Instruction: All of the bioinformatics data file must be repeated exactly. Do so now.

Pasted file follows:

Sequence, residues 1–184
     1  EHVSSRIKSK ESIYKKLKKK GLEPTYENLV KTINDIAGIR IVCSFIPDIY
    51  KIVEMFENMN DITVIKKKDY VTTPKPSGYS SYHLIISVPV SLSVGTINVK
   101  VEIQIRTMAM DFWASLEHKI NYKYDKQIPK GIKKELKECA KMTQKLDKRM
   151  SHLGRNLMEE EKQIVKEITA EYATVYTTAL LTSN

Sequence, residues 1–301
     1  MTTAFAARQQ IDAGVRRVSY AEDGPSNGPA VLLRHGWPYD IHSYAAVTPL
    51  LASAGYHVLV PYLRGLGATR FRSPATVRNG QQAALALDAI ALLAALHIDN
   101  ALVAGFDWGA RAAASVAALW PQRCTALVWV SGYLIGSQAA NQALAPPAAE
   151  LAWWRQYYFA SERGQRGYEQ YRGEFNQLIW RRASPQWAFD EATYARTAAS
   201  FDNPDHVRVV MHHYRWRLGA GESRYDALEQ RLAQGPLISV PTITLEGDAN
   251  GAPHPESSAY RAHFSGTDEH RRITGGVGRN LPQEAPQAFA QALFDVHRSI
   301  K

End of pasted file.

Sequence, residues 1–184
     1  EHVSSRIKSK ESIYKKLKKK GLEPTYENLV KTINDIAGIR IVCSFIPDIY
    51  KIVEMFENMN DITVIKKKDY VTTPKPSGYS SYHLIISVPV SLSVGTINVK
   101  VEIQIRTMAM DFWASLEHKI NYKYDKQIPK GIKKELKECA KMTQKLDKRM
   151  SHLGRNLMEE EKQIVKEITA EYATVYTTAL LTSN

Sequence, residues 1–301
     1  MTTAFAARQQ IDAGVRRVSY AEDGPSNGPA VLLRHGWPYD IHSYAAVTPL
    51  LASAGYHVLV PYLRGLGATR FRSPATVRNG QQAALALDAI ALLAALHIDN
   101  ALVAGFDWGA RAAASVAALW PQRCTALVWV SGYLIGSQAA NQALAPPAAE
   151  LAWWRQYYFA SERGQRGYEQ YRGEFNQLIW RRASPQWAFD EATYARTAAS
   201  FDNPDHVRVV MHHYRWRLGA GESRYDALEQ RLAQGPLISV PTITLEGDAN
   251  GAPHPESSAY RAHFSGTDEH RRITGGVGRN LPQEAPQAFA QALFDVHRSI
   301  K